Weaning From Prolonged Mechanical Ventilation

This study has been completed.
Sponsor:
Collaborator:
Information provided by (Responsible Party):
Amal Jubran, RML Specialty Hospital
ClinicalTrials.gov Identifier:
NCT01541462
First received: February 16, 2012
Last updated: February 23, 2012
Last verified: February 2012
  Purpose

Patients requiring the use of artificial ventilation (also called mechanical ventilation) for more than 21 days account for more than 37% of all ICU costs. As such, these patients are now transferred to centers that specialize in weaning patients from the respirator; these units are referred to as long-term acute care (LTAC) facilities. Despite the increase of LTAC facilities, research on the fastest method for disconnecting the patient from the respirator is lacking. In addition, little information is available regarding the long-term survival and quality of life after a prolonged course of artificial ventilation. The purpose of this study is to determine the fastest method for disconnecting the patient from the respirator at a LTAC facility and its effect on long-term survival and quality of life.


Condition Intervention
Acute Mechanical Ventilatory Failure
Other: Weaning

Study Type: Interventional
Study Design: Allocation: Randomized
Endpoint Classification: Efficacy Study
Intervention Model: Parallel Assignment
Masking: Single Blind (Investigator)
Primary Purpose: Treatment
Official Title: Weaning From Prolonged Mechanical Ventilation

Further study details as provided by RML Specialty Hospital:

Primary Outcome Measures:
  • Weaning duration [ Time Frame: From the first day of randomization to the day the patient was successfully weaned up to 5 days ] [ Designated as safety issue: No ]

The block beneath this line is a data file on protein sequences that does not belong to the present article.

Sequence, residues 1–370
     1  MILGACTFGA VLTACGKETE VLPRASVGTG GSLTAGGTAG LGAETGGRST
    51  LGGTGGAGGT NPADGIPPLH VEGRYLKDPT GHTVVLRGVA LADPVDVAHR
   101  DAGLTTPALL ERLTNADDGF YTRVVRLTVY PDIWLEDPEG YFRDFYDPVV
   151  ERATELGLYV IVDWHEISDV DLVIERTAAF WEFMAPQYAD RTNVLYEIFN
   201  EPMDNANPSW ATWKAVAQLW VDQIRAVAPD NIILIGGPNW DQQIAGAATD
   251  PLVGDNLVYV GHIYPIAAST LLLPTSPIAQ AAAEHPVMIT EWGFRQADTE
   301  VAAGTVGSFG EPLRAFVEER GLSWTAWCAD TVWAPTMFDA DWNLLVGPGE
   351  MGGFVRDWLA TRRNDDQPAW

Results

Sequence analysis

Secondary Outcome Measures:
  • mortality [ Time Frame: 6 and 12 month ] [ Designated as safety issue: No ]

Enrollment: 500
Study Start Date: October 2000
Study Completion Date: October 2011
Primary Completion Date: June 2010 (Final data collection date for primary outcome measure)
Arms Assigned Interventions
Active Comparator: Pressure support
Patients randomized to the pressure support arm will wean using pressure support ventilation. The level of pressure support will be decreased by 2 cm H2O every 6 hours. The maximum decrement in pressure support permitted in one day will be 6 cm H2O.
Other: Weaning
Decrease assistance provided by the ventilator
Other Names:
  • Pressure support
  • Spontaneous breathing
Active Comparator: Spontaneous Breathing
Patients randomized to spontaneous breathing arm will be disconnected from the ventilator and allowed to breathe spontaneously through the tracheostomy. Duration of the trial will be increased sequentially as tolerated.
Other: Weaning
Decrease assistance provided by the ventilator
Other Names:
  • Pressure support
  • Spontaneous breathing

Detailed Description:

Patients requiring prolonged mechanical ventilation (defined as more than 21 days) account for more than 37% of all ICU costs. As such, these patients are now transferred to centers that specialize in weaning from mechanical ventilation, so called long-term acute care (LTAC) facilities. Despite the proliferation of LTAC facilities, research on methods for expediting weaning is lacking. In addition, little information is available regarding long-term survival and patient's perception of quality of life after a prolonged course of mechanical ventilation.